A number of applications have been received for the Royal Cayman Islands Police commissioner’s job; most of them from outside Cayman. .
The application period for the $109,000 to $130,000 per year post is set to close next week.
The Caymanian Compass has learned no fewer than nine job applications have come in, most of them from law enforcement professionals in the United Kingdom.
Acting Police Commissioner James Smith, as of Tuesday night, was not one of those who had applied. Mr. Smith told a group of West Bay residents at a public meeting that he was ‘playing’ with the application for the top cop’s post, but hadn’t submitted it.
Mr. Smith has previously told the Compass that he would be interested in staying beyond the terms of his six-month secondment, but said the final decision would obviously be made by the Governor.
‘The decision is not mine, but the effort can be mine to stay here,’ he said in January. ‘I have felt extremely energised since I got here around doing the job and that’s a nice way to feel.’
One local application that has been received is that of former RCIPS Drugs Task Force chief Derek Haines. Mr. Haines said he submitted an application for the post earlier this week, but declined to comment further.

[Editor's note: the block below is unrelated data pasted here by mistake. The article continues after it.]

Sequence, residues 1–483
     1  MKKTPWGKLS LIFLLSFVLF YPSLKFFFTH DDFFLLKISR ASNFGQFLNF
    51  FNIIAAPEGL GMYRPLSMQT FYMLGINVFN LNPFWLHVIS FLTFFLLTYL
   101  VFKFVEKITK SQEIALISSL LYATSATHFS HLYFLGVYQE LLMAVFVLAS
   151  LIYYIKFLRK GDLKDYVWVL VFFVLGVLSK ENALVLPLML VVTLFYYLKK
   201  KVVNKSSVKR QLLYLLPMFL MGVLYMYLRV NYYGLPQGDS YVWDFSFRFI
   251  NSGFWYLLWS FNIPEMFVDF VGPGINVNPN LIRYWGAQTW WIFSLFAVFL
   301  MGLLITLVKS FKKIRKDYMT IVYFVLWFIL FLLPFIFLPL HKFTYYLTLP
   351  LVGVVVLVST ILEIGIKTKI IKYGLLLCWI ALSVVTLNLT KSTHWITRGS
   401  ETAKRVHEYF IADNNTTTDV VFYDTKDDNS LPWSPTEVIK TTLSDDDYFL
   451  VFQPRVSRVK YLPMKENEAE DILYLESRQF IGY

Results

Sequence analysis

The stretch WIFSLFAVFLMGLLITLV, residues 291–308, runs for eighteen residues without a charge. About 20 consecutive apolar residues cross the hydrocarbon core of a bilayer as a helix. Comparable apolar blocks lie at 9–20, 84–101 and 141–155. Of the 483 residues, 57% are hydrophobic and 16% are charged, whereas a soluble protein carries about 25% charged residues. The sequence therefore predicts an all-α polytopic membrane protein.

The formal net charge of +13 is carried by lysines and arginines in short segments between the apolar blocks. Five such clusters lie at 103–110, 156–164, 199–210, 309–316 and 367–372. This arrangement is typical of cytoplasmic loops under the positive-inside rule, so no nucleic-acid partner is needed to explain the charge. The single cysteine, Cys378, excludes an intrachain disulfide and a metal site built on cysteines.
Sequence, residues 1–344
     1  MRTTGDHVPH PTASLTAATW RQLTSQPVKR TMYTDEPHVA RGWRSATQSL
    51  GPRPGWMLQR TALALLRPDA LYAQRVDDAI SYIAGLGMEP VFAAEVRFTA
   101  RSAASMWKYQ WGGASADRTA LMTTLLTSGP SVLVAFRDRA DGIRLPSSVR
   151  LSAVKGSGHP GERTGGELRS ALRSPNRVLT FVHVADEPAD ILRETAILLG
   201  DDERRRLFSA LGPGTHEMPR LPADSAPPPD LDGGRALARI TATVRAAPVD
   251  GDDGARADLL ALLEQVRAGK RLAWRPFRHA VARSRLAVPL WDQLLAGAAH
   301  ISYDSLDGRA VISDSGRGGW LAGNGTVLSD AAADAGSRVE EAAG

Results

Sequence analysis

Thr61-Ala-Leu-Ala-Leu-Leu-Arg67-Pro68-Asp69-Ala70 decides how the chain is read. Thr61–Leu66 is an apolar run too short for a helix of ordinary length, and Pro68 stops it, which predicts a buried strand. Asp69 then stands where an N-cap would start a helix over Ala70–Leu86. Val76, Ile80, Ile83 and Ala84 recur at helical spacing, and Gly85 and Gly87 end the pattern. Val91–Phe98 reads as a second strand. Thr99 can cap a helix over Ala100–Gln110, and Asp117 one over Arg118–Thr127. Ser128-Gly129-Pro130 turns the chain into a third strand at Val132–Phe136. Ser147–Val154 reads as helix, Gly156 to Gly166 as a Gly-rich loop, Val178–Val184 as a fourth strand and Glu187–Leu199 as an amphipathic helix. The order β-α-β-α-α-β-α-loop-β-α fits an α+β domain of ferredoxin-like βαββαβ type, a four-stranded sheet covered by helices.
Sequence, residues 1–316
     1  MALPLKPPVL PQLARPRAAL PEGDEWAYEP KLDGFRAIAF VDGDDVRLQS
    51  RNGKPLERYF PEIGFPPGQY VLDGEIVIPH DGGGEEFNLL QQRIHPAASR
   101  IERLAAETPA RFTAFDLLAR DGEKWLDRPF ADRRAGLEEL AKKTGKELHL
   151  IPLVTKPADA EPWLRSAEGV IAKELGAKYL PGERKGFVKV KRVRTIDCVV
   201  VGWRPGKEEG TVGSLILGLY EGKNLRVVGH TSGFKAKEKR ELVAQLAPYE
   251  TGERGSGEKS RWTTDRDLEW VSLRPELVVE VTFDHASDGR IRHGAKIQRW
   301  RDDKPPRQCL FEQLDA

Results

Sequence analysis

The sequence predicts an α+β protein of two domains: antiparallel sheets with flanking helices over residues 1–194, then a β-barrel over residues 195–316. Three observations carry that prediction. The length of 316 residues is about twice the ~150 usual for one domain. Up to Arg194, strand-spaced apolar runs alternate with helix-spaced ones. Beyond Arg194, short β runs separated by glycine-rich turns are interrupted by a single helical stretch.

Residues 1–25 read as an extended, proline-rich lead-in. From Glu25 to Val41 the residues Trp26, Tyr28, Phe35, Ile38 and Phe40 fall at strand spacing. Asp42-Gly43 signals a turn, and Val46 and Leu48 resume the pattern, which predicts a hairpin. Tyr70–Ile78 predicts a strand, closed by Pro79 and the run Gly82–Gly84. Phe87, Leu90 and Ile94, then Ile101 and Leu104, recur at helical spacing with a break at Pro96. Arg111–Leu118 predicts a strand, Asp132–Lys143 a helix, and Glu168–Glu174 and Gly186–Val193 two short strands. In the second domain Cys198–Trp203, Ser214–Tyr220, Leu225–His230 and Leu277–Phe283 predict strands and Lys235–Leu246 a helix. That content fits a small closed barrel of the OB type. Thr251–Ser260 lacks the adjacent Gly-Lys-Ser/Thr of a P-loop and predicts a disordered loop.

‘I should just let the selection process take its course,’ Mr. Haines said.
The UK native first came to Cayman in 1995 from the Turks and Caicos Islands and served in the RCIPS Drugs Task Force for more than a decade. Mr. Haines holds permanent residence in Cayman, but he does not have Caymanian Status.
Other potential local candidates for the full-time police commissioner’s job have not expressed any interest in the position. Deputy Police Commissioner Anthony Ennis and former Police Commissioner Buell Braggs are among those.
The police service has lost three high profile commanders to suspensions or firings within the past year. All three of those men are still involved in a criminal misconduct investigation and cannot apply for the job.
Since March 2008, Cayman has been through four police commissioners, one of them, Royce Hipgrave, stayed on island for just 48 hours and eventually refused to accept the post. The islands’ last full-time commissioner, Stuart Kernohan, was fired after he refused Governor’s orders to return from the UK while he was on temporary leave.